Despite all this, ideology still stops us getting the sensible railway passengers deserve. Instead of simply running the trains themselves, Great British Railways will contract out services to private companies, most of which are actually owned by foreign state railways such as the French SNCF and the German Deutsche Bahn. This will add cost and complexity. At the last election, Labour suggested simply renationalising the whole system. This is three-quarters of the way there, but it would have been better to go the whole hog.
What’s the big deal?
The biggest change is that the system of franchising has been abolished. No longer will private companies keep the money from fares in return for having bid to run parts of the railway. Instead, they will be paid a set percentage, around 2 per cent, for operating the service but the fares income will be handed over to the government. The new system has been made necessary because of the drop in passenger numbers during the pandemic.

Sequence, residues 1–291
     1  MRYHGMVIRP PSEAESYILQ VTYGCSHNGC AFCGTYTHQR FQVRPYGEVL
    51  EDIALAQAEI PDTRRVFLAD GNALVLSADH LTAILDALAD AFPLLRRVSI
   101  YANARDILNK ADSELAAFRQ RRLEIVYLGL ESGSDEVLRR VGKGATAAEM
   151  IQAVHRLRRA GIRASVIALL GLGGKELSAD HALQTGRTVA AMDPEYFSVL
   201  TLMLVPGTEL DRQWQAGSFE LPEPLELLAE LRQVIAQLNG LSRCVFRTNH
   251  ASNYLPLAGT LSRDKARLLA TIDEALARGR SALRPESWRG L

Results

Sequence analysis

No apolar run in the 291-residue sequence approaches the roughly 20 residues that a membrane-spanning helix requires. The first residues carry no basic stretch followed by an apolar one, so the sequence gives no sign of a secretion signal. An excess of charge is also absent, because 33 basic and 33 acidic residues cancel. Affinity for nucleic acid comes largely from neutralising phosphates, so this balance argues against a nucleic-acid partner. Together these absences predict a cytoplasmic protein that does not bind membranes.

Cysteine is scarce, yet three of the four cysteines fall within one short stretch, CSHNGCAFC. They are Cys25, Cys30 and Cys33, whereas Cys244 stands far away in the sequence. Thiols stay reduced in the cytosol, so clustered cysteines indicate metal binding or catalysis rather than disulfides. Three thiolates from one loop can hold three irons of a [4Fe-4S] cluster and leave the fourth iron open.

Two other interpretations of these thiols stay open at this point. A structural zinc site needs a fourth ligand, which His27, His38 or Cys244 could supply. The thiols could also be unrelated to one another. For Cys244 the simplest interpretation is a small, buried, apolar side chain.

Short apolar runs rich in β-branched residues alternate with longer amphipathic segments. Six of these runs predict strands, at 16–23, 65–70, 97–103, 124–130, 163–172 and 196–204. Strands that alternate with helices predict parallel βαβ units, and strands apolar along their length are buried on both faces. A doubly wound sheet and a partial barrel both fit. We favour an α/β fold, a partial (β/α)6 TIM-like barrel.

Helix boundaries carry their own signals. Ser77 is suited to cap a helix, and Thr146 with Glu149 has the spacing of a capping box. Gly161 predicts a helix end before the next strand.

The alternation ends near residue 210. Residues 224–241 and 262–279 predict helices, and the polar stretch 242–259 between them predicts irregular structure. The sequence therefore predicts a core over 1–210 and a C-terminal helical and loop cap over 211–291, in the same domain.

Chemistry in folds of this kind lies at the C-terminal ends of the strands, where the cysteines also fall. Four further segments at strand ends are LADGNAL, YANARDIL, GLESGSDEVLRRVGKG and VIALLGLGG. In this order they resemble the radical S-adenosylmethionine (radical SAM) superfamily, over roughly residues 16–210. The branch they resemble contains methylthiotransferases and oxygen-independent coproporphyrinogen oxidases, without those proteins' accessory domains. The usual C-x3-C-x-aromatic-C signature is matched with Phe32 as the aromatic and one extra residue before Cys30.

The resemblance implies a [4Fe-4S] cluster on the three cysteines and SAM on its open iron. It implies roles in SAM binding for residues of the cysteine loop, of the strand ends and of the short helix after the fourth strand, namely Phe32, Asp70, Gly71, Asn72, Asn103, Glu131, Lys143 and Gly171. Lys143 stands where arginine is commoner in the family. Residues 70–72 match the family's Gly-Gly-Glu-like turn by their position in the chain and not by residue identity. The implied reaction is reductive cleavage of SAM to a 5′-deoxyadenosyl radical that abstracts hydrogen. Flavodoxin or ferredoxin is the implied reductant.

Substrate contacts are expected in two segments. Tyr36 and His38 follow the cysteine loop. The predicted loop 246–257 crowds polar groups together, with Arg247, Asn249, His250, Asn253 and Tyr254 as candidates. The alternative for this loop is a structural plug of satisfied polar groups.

Is Great British Railways simply the old BR under another name
Not quite. BR owned and ran the whole system from engineering and maintenance to operating the trains and ticketing. Some aspects, such as manufacture and ownership of the rolling stock and major trackwork, have been privatised and the operation of the trains will be contracted out. However, decisions on investment and future strategy of the industry will be made by the new organisation, as they were by BR.
Will fares be cheaper?
Unlikely. There will be slightly more flexible arrangements for people choosing to travel to work only two or three days per week, but overall fares will probably continue to rise by the level of inflation or more as they have done for years. It will, though, be easier to buy tickets through the National Rail Enquiries website.
Will people notice any difference?
Yes. The trains will be branded as Great British Railways and there should be much better coordination between the different parts of the network, making it easier to buy tickets and register complaints.